Hell has no great a fury as a woman scorned is William Congreve’s famous misquote, but we get the idea. Betty Broderick, the scorned ex-wife and former American suburban housewife of a successful lawyer in La Jolla, San Diego, did not. The Broderick story was typical: Betty was a beautiful woman when her husband, Dan Broderick, married her some years earlier, but by middle age Betty was no beauty, carrying significant added pounds and expressing unbridled bitterness towards Dan for working long hours and not being at home. Eventually Dan began an affair with a beautiful, young woman who bore an eerie resemblance to a younger Betty.
Dan denied the affair until after 3 years he asked his wife for a divorce. She refused but Dan moved out of their home and began legal proceedings to dissolve the marriage so he could marry his mistress, Linda Kolkena. The situation overwhelmed Betty. Knowing she should accept fate, she could not control the anger that had been building inside her. She harassed Dan and Linda day and night: she broke into their home and vandalized it; she called them on the phone at all hours, snarling obscenities about the relationship to anyone who answered, including her children. Throughout the divorce, Betty’s behavior became increasingly violent. watch american justice ep 11 betty broderick
Broderick vs. Broderick became one of the most notorious divorces in the United States, gaining so much notoriety that the Oprah Winfrey Show contacted Betty to secure an interview about acrimonious divorces. Betty declined. Finally after 4 years the Broderick divorce was finalized. Dan purposely dragged the divorce out for four years. Under California divorce law, the supporting spouse (Dan), may financially charge the dependent spouse (Betty), not from the date of divorce, but from the date of separation. Dan Broderick, multi-millionaire and the father of Betty’s four children, only paid his wife of 20 years less than $30,000 in cash. In addition, Dan was re-awarded custody of the children.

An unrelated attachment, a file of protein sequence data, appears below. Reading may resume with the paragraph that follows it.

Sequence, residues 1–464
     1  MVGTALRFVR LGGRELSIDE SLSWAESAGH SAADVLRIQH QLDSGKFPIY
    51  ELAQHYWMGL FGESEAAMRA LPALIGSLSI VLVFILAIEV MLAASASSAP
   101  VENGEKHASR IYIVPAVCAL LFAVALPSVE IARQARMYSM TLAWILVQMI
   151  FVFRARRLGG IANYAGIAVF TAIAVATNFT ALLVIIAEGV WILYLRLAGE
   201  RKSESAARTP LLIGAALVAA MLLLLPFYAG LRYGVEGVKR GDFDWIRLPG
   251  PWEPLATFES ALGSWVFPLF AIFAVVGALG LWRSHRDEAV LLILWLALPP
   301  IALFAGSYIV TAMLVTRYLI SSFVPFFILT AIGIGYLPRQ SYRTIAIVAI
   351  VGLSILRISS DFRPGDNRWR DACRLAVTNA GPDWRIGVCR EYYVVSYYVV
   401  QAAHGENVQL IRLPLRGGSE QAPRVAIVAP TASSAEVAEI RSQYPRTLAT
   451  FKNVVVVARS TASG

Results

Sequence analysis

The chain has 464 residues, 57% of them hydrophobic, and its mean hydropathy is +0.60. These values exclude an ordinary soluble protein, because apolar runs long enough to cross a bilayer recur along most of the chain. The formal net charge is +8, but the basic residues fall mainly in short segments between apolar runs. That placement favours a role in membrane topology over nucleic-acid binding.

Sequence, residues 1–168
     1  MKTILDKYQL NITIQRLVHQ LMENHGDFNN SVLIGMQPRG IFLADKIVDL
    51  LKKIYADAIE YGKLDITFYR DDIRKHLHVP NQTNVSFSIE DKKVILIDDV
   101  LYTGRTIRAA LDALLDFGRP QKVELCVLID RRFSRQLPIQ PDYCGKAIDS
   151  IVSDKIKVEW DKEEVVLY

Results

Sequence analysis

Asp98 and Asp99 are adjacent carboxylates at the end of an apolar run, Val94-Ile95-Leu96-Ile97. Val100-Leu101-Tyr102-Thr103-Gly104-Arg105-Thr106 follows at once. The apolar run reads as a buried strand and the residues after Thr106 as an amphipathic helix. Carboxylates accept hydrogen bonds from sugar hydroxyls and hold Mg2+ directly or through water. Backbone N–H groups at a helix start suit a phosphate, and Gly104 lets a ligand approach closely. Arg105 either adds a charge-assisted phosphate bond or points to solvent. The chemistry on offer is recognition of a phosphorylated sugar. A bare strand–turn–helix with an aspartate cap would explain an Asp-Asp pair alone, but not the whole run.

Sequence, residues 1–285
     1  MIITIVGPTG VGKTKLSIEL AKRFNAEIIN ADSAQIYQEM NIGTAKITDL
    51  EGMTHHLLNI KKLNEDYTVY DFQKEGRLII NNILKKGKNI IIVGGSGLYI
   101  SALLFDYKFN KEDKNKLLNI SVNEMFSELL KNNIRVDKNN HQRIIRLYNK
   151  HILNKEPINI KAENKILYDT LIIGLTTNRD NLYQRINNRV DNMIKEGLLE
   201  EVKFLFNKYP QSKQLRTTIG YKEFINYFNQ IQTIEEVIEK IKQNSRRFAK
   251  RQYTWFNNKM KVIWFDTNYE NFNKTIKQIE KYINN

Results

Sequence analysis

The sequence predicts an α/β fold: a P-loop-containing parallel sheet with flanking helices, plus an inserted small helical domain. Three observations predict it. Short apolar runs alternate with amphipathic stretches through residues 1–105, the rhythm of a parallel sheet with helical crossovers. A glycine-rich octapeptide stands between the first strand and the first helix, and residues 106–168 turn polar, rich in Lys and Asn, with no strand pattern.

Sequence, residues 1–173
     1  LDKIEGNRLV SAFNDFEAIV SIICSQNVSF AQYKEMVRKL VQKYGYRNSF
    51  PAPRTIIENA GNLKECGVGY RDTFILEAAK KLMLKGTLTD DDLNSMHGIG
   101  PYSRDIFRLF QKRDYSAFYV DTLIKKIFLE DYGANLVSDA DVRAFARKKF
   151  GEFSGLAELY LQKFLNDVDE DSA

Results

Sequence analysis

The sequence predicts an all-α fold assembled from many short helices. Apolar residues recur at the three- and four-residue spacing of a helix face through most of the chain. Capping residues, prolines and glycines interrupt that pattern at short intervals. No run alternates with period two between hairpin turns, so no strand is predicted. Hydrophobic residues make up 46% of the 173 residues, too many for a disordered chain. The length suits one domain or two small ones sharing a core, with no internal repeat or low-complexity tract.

By 1988, nothing of the once-proud Betty remained. Her mind frayed, she let everything else go haywire. “It was (now) a radically changed Betty Broderick abroad in the streets of La Jolla,” explains Bella Stumbo. “All personal vanity was gone, buried beneath layers of fat. Her language was now so routinely crude, even in polite gatherings, that old friends…lectured her about her foul mouth…By then she was pacing the floors of her house all night…Her mind gave her no rest; the late-night demons besetting her were relentless, vicious…” watch american justice ep. 11 betty broderick
Seven months after Dan and Linda were married, Betty shot and killed the couple in their home while they slept. The murder occurred at 5:30 am on the morning of November 5, 1989, two days before Betty’s 42nd birthday. Two bullets hit Linda in the head and chest, killing her instantly. One bullet hit Dan in the chest as he reached for a phone, one bullet hit the wall, and one bullet hit a night stand. At her trial, Betty denied that she had planned on murdering the couple. When asked why she had brought a handgun into the home that night, she replied “because I wanted him to listen to me.” She claimed that if he wouldn’t, she would commit suicide and “splash [her] brains all over his goddamn house.” Betty’s trial ended in a hung jury when two of the jurors cited lack of intent. watch betty broderick trial testimony
The second trial ended with a verdict of two counts of second-degree murder. Betty was sentenced to two consecutive terms of 15 years to life, the maximum under the law. Betty has been incarcerated since the day she committed the murders. Betty Broderick is serving out her sentence at the California Institution for Women (CIW), in Corona, California. In January 2010, her first request for parole was denied by the Board of Parole Hearings because she did not show remorse and did not acknowledge wrongdoing. Broderick is due to be released in 2021 and can reapply for parole in 2013. watch broderick parole hearing
Betty’s story was dramatized across the United States. Betty granted interviews to virtually every television show, reporter, and magazine who contacted her. Betty appeared on the Oprah Winfrey Show twice, Hard Copy, 20/20, and Headliners and Legends. At least three books were written about her story (Until the Twelfth of Never: The Deadly Divorce of Dan and Betty Broderick, 1993, by Bella Stumbo; Forsaking All Others: The Real Betty Broderick Story, 1993, by Loretta Schwartz-Nobel; Hell Hath No Fury, 1992, by Bryna Taubman), and Betty was interviewed by Ladies Home Journal and countless other magazines. watch betty broderick blasts justice system in a letter